The Goddess Death is involved in his plans, unknowingly.  The messengers of the gods are vanishing.  People are being put to death.  It is jihad in the mortal realm and in the heavens.

Incredible, impossible to put down.  I can't wait for the final, sure to be dramatic, ending to this trilogy!

Rating:  8.5 / 10

May 16, 2017

The Will of the Wanderer by Margaret Weis & Tracy Hickman

Title:  The Will of the Wanderer
Author:  Margaret Weis & Tracy Hickman
Pages:  444
Genre:  Fantasy
Series:  Rose of the Prophet, Book 1

Synopsis: Since time began, twenty Gods have ruled the  universe. Though each god possessed different abilities, each was all-powerful within his realm. Now one of the Gods has upset the balance of power, leaving the others scrambling for control in the new order...

Here is the epic tale of  the Great War of the Gods--and the proud people  upon whom the fate of the world depends. When the God of the desert, Akhran the Wanderer, declares that two clans must band together despite their centuries-old rivalry, their first response is  outrage. But they are a devout people and so reluctantly bow to his bidding.

Enemies from  birth, the headstrong Prince Khardan and impetuous Princess Zohra must unite in marriage to stop Quar, the God of Reality, Greed, and Law, from  enslaving their people.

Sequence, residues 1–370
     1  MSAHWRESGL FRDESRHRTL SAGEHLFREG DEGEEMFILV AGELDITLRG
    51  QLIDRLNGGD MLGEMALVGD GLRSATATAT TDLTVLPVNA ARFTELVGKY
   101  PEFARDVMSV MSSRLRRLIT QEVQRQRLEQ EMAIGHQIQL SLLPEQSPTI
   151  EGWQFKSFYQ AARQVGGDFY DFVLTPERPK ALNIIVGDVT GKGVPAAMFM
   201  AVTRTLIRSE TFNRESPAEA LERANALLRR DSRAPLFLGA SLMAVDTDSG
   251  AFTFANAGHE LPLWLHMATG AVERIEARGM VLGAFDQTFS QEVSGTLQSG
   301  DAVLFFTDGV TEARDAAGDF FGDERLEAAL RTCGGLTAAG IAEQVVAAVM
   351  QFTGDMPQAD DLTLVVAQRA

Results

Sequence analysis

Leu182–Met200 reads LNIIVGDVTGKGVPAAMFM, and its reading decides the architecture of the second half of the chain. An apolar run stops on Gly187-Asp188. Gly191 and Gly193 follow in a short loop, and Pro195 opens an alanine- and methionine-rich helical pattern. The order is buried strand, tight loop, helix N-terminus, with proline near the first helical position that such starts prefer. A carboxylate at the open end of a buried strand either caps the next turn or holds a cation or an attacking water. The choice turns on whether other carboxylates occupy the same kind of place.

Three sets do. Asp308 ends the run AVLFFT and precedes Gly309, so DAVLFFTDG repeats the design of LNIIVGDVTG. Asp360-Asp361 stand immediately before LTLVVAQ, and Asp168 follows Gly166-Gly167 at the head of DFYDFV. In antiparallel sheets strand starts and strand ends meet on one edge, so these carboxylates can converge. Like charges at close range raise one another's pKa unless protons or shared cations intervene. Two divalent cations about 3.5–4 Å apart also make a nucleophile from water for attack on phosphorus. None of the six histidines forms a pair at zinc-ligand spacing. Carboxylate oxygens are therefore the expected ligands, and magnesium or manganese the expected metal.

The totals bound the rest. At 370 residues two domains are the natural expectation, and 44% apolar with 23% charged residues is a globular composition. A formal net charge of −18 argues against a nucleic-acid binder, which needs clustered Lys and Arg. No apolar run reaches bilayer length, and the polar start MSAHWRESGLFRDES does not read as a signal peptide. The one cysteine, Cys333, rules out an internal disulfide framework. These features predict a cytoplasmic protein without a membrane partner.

But can Khardan and Zohra keep from betraying each other? Can their two peoples maintain their fragile alliance until the long-awaited flowering of the legendary Rose of the Prophet?

Against the powerful legions of the evil Amir, Khardan and Zohra fight to save the desert people--a fight unexpectedly joined by an exiled wizard named Mathew and the mysterious powers of his alien land.

Review:  I didn't expect to enjoy this book half as much as I did.  The women are second-class citizens.  The twenty gods and their messengers exist and interact with the people.  The setting is very much like the Middle East.  However, I did enjoy it, mostly because the story was so engaging.  It had thrills and adventure and love and magic, pretty much everything you can ask for in a fantasy novel.